• west and south sections of the site are more public – locate public areas here
  • north and east sections of the site are more private – locate private areas here
  • wildlife includes deer, turkey, roadrunner and rabbits – maintain the natural habitat


Site Views: When I study views, I observe views to, from and through the site. I look for the best views from the build site, views of the site from streets, neighboring lots and back. Views help me decide where to put windows. I place windows based on exposure, light and outdoor features, but views are about much more than window placement. Views decide the more important space placement. So, I meandered around the site, discovering what made it beautiful. These are my observations.

  • great views all around
  • views to the south are shallow and interrupted – south light is harsh but controllable – place spaces on the south side that need light, but limited views
  • views to north are rich and varied – north light is the best light – place spaces on the north that need light and views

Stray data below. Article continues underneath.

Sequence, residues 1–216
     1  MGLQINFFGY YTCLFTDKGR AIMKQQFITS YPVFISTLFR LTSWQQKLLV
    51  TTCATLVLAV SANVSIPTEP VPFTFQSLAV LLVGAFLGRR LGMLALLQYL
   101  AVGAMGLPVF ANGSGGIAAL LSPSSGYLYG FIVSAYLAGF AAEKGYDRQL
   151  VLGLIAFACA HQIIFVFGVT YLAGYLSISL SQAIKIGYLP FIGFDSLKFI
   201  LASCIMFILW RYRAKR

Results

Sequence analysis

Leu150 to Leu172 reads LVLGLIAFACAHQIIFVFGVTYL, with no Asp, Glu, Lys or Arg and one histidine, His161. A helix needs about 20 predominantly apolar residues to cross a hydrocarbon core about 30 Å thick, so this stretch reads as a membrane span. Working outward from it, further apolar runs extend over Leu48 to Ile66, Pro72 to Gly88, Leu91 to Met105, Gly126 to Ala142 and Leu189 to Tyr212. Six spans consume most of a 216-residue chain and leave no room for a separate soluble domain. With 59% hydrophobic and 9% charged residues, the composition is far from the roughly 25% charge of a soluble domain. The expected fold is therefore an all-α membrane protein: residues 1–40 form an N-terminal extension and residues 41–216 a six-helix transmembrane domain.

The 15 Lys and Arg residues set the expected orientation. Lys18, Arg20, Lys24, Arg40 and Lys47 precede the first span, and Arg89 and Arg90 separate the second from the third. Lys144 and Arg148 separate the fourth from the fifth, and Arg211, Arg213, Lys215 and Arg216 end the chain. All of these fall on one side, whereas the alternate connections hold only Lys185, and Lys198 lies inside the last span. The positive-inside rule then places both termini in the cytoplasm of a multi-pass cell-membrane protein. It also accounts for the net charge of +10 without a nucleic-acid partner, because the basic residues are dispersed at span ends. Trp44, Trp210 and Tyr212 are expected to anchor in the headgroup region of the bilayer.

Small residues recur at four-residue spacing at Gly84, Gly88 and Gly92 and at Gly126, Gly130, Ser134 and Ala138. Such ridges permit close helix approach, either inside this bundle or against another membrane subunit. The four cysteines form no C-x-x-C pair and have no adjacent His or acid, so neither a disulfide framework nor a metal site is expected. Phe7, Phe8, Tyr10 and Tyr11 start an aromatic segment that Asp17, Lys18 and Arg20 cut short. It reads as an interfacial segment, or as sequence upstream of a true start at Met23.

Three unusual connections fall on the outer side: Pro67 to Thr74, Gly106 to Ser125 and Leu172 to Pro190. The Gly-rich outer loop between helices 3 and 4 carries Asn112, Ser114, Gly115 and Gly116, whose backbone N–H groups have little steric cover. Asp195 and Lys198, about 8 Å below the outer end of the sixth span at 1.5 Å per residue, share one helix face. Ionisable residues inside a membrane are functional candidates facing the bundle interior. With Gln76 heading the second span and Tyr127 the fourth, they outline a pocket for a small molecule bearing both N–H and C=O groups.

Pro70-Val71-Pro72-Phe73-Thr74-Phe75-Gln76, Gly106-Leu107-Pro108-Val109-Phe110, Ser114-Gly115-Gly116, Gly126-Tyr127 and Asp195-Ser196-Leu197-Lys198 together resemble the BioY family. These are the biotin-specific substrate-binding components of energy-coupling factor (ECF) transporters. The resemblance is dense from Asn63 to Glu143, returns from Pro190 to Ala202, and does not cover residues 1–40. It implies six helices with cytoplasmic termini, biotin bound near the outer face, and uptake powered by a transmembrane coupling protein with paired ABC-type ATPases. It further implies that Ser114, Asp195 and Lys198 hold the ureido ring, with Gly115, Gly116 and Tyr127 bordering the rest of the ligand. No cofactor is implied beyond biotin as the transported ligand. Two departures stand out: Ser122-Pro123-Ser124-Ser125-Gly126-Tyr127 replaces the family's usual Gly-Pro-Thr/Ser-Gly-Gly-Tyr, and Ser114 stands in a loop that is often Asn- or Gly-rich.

• north views cast oaks in the foreground and cedars in the background – accentuate the views
  • perimeter cedars provide privacy and screen views – big and many windows are possible without sacrificing privacy
  • peekaboo views to/from the South property line – take advantage of these vistas to provide glimpses to or from the house
  • obstructed views to/from the West property line – good privacy and sun screening
  • obstructed views to neighboring lots – good privacy screening


Neighborhood/Regional Fabric: I look for character-defining features or elements consistent, important or distinquishable in the neighborhood. Sometimes, I look for things I like and don’t like. I always look for good ideas to differentiate my home and make it a good neighbor. This neighborhood and region offered great inspiration and several warnings.

  • the diamond door (entry gate) is a strong statement with a historical character to it